Green Light Laser

The Green Light laser is one of several lasers introduced after 2006 for treating BPH. Before these lasers were popularized, patients largely underwent trans-urethral resection of the prostate (TURP) in the operating room to treat difficulties with an enlarged prostate. The Green Light Laser became the laser market leader through a very extensive marketing campaign.  Its timing was perfect because medicines had been popularized for BPH by then, thus drastically reducing the number of TURPs being performed.  This led to fewer urologists leaving their residency fully comfortable performing a TURP, an acquired skill.  The Green Light laser is a simple procedure with a short learning curve.  Its marketing suggested it to be a minimally invasive alternative to TURP, so patients welcomed it.  TURP, to that point, was at times dangerous to perform due to the technology available and almost always involved hospitalization.  Greenlight laser was marketed as a safer, potentially outpatient procedure.

Urologic Surgeons of Washington was an early adopter of the Greenlight laser, and its differences with the TURP became evident early on.  Postoperative irritative symptoms are far higher with the Greenlight.  Also, we found that unless the prostate was very small, we almost always encountered bleeding that necessitated us performing a partial TURP anyway.  Also, soon after Greenlight laser was popularized, TURP device manufacturers developed the bipolar TURP making the TURP just as safe as the Greenlight.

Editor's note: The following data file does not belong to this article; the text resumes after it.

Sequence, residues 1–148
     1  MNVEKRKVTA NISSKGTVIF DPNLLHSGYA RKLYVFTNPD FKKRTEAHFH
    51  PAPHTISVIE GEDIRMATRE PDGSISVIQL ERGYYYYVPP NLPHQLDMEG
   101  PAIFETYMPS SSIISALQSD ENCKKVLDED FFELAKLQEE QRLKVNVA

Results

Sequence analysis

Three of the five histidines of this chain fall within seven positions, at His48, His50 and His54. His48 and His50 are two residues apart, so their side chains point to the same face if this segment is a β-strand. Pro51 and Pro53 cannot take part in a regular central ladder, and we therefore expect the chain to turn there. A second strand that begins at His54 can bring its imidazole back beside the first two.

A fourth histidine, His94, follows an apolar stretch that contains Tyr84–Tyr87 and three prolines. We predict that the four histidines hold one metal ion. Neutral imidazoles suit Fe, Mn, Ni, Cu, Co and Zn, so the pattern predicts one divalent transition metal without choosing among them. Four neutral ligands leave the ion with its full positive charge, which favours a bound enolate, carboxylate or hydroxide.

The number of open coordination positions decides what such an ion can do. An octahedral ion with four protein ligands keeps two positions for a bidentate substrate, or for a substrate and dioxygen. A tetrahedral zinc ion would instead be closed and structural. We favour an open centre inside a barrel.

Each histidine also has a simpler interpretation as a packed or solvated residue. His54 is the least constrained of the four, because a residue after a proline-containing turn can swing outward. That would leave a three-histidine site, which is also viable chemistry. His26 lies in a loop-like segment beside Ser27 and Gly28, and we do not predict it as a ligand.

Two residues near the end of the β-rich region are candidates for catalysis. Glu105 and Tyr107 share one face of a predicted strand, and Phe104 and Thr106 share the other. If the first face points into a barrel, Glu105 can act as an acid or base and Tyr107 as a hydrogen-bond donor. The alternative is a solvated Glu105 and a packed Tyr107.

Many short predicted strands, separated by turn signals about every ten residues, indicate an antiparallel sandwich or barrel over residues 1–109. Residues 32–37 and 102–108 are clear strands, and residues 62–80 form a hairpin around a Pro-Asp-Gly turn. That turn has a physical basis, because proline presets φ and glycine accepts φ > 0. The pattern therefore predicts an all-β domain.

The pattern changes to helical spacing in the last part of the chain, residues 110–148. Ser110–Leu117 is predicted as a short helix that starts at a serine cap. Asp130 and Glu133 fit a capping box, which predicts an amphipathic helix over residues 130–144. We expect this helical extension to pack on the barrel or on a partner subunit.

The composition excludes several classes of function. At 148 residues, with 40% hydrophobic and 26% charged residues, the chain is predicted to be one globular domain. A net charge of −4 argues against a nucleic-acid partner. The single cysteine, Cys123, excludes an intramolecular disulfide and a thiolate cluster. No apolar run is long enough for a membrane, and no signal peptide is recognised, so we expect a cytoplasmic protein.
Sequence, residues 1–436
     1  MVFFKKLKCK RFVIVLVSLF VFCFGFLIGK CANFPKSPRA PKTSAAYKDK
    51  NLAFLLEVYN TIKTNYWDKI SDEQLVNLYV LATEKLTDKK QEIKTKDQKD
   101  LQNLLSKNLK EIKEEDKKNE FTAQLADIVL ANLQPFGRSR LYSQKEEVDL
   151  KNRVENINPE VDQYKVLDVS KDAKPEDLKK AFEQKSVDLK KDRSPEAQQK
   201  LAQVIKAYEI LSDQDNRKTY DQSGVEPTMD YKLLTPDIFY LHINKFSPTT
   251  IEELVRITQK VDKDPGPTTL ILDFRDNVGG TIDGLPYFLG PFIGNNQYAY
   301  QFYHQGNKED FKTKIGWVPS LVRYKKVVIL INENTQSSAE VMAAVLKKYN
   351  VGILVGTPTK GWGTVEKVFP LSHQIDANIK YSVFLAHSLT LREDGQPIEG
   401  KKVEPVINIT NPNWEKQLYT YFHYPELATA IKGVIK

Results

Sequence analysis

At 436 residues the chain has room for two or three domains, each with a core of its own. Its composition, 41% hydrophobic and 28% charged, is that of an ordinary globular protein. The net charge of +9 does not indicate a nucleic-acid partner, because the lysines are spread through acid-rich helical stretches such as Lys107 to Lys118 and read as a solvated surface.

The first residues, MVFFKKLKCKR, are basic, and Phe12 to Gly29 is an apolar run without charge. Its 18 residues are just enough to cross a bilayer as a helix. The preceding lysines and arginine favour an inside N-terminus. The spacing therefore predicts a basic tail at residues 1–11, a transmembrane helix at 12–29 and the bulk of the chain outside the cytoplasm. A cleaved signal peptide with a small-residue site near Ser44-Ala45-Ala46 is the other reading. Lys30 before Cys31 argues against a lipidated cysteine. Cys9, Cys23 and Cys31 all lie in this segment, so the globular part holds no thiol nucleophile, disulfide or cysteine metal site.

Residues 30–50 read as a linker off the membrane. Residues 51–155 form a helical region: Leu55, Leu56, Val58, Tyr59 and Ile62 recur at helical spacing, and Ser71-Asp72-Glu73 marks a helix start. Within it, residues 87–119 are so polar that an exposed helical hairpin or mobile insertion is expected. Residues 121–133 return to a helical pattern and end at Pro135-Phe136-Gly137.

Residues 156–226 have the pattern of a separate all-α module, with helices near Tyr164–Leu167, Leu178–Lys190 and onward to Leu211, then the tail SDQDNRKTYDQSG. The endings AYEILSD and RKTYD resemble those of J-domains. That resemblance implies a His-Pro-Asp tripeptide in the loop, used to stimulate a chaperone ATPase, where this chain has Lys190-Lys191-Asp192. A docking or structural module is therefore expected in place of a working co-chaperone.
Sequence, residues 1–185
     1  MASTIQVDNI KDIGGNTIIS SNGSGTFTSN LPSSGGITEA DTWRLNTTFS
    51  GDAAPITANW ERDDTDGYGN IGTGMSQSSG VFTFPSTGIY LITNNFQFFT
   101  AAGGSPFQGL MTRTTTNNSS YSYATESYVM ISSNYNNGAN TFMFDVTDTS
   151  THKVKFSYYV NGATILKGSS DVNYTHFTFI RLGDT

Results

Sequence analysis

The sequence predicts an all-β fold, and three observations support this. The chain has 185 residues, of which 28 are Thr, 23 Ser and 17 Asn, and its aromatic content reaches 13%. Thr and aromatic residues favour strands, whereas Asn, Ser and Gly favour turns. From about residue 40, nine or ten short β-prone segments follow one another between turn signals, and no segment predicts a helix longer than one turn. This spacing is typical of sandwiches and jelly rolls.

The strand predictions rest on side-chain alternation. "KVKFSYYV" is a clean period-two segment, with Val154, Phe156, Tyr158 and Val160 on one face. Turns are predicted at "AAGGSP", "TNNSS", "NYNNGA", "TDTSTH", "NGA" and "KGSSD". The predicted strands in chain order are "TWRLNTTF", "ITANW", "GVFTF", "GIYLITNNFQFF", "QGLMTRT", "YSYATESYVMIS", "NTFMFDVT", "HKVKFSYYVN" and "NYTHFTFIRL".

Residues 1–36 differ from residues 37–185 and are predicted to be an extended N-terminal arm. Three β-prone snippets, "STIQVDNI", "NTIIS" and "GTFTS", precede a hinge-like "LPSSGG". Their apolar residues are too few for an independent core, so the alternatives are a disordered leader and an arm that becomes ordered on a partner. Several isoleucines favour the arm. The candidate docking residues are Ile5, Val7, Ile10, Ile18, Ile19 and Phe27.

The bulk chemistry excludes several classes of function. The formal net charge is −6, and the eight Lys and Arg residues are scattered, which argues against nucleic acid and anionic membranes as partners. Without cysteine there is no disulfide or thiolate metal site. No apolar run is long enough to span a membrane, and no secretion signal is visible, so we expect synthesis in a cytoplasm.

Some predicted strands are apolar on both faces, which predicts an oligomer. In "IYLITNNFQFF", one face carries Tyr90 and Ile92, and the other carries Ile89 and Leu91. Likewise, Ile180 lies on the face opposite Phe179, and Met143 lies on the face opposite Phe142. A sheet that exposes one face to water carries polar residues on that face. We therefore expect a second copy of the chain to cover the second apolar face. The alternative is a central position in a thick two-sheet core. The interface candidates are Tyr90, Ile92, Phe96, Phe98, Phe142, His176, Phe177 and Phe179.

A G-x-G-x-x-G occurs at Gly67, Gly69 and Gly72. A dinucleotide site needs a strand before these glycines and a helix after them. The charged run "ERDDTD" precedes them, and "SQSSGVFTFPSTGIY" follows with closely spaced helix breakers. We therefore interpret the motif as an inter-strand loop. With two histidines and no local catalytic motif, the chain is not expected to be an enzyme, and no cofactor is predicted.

The Greenlight laser does not cut tissue but rather burns it at a very high temperature, called vaporization.  It bursts cells by boiling the water inside them.  The problem is that once all the cells on the prostate surface are vaporized, the laser has a hard time penetrating the tissue, and thus, this is not a good approach for prostates other than medium or small-sized prostates.

Eventually, better office procedures such as the Rezum, the TUNA/Prostiva, and Urolift were popularized.  These offer a truly minimally invasive option. The Greenlight still requires anesthesia as a TURP does, and these days many TURPs are also performed in an outpatient setting.  For these reasons, we at Urologic Surgeons generally offer office procedures to those with medium or small prostates and a bipolar TURP to those that require more aggressive treatment.  We feel that if a patient must go through the trouble of anesthesia at a facility, they are best offered the more successful bipolar TURP with the hope of sending them home the same day.  Our providers still offer Greenlight laser in special circumstances, but we do not favor it as a primary therapeutic tool.

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